Knick Knack Records, a small independent label out of Seattle, has recently seen blues rock trio GravelRoad’s new album “The Bloody Scalp of Burt Merlin” released on LP and CD. While GravelRoad isn’t the most well-known band in the blues scene, their musical worth was assessed by contemporary blues legend T-Model Ford and found of sufficient quality to act as his backing band for a time. Now, since the regrettable passing of T-Model Ford, GravelRoad have been strictly concerned with the writing and recording of their own material, and in that regard they have been tremendously successful.
“The Bloody Scalp of Burt Merlin,” GravelRoad’s fourth full-length album, is an exercise in raw, dirty blues rock, with big distorted riffs, solid low-end accompaniment, and heavy, driving rhythms. But there is another side to GravelRoad’s repertoire, one which consists of slightly cleaner slide guitar and drumbeats that are decidedly less grand but equally effective as a means to punctuate key points in the progressions. On top it all, there is Stefan Zillioux’s voice, deep, smoky vocals which further augment the sound structures built by the members’ collectively impressive musicianship, all coming together in great cohesive compositions. And this is evidenced in all ten songs on the GravelRoad album, from the blues rock of the first three tracks, to the more traditional-sounding songs toward the middle, and then a couple of measured and organic roots compositions to close it all out.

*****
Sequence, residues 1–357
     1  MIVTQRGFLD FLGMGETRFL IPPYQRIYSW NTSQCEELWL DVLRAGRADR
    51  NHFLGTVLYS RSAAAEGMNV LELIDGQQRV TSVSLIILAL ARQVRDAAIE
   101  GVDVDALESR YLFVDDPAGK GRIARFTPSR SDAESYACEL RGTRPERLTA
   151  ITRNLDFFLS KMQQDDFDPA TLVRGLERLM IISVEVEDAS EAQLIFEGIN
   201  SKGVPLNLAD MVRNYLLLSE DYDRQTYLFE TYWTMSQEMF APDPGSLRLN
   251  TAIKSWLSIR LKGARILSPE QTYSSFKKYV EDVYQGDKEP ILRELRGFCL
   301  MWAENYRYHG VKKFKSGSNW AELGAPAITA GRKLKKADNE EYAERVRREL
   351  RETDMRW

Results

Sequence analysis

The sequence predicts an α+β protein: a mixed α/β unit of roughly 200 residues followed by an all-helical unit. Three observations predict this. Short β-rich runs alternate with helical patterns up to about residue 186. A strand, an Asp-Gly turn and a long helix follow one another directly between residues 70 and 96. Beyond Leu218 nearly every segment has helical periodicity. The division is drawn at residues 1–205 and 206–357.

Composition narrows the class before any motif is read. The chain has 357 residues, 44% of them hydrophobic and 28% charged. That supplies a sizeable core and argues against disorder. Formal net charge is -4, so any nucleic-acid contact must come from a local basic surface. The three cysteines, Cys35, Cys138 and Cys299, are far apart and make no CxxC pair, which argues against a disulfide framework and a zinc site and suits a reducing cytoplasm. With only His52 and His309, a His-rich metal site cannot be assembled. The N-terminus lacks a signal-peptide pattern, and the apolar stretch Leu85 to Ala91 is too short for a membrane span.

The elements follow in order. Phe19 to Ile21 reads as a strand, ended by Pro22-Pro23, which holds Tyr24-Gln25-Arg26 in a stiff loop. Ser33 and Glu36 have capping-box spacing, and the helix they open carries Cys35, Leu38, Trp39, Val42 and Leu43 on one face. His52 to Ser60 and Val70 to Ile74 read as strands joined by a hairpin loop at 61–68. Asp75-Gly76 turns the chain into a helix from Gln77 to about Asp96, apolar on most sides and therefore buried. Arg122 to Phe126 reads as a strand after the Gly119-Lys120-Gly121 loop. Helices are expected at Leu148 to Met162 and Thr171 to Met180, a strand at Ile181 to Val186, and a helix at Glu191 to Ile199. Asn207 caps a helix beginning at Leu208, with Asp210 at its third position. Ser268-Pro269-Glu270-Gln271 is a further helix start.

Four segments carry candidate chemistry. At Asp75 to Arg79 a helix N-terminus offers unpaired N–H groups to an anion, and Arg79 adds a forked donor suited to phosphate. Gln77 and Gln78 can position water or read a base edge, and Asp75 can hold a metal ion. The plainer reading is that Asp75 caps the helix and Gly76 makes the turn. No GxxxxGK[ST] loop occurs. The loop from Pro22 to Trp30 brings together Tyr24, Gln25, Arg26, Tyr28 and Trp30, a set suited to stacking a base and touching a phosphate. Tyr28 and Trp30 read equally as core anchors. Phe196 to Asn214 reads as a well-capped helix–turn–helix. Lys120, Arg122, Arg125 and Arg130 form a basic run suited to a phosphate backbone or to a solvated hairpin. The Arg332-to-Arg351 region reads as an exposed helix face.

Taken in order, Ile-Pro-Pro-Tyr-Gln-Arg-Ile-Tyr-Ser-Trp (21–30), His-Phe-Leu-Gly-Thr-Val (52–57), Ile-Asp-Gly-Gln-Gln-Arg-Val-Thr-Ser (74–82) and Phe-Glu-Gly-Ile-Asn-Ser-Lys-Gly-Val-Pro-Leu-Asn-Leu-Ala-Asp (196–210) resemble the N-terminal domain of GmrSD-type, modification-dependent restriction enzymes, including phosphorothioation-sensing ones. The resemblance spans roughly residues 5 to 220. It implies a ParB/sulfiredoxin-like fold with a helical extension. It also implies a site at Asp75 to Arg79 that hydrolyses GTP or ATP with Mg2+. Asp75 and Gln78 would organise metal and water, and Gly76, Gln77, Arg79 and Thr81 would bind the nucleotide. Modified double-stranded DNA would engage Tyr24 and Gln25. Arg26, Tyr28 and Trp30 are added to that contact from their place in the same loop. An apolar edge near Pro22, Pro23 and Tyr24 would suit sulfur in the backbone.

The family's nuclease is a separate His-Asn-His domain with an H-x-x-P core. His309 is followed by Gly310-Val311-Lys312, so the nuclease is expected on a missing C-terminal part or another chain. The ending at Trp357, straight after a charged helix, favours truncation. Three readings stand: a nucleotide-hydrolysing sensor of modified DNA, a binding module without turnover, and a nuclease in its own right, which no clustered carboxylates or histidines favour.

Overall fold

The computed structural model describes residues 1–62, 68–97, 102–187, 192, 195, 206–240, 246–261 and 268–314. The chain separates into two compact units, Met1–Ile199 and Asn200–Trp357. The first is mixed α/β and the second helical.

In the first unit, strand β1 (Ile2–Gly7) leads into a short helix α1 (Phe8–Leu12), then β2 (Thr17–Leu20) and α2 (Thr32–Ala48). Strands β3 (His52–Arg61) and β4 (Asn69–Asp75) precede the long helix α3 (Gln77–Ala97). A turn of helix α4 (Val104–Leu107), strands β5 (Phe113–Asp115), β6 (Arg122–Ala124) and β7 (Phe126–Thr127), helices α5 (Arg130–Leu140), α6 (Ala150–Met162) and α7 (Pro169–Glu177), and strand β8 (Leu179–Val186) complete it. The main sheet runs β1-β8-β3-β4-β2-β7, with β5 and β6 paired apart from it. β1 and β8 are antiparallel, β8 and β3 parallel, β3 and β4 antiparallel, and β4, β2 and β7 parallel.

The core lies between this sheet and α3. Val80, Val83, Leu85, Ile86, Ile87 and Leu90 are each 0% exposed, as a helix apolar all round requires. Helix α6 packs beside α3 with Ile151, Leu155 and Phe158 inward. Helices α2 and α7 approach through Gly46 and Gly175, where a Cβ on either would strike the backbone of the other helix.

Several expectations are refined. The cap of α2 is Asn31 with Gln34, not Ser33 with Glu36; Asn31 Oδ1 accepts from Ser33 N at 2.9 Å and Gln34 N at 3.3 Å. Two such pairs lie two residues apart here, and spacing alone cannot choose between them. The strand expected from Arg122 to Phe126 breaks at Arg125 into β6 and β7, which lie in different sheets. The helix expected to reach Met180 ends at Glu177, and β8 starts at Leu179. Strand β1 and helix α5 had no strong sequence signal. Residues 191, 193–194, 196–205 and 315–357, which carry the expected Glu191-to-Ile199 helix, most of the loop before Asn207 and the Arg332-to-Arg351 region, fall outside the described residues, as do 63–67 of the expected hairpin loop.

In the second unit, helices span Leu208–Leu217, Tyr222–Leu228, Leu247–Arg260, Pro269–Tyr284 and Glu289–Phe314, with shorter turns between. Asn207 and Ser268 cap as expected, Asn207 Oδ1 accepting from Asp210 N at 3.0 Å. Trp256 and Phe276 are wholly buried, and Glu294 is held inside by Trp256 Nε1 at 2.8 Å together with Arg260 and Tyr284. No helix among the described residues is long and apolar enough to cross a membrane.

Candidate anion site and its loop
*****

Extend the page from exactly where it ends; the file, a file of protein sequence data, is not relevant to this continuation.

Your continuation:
GravelRoad’s “The Bloody Scalp of Burt Merlin” is one of those rare albums from whose wholly exceptional songs it proves more than a little difficult to chose favorites. Still, if pressed to do so, I would most certainly chose slide guitar and handclaps and cleverly uneven vocal delivery of Maybe the Wind, the brief yet wild all-out rocker Med Pass!, the fevered Hill Country blues of Death Bed Blues, and the classic rock and country blues fusion of Bring Me Back.
“The Bloody Scalp of Burt Merlin” by GravelRoad – a superb album by an outstanding band. Definitely worth one’s while. ---- James G. Carlson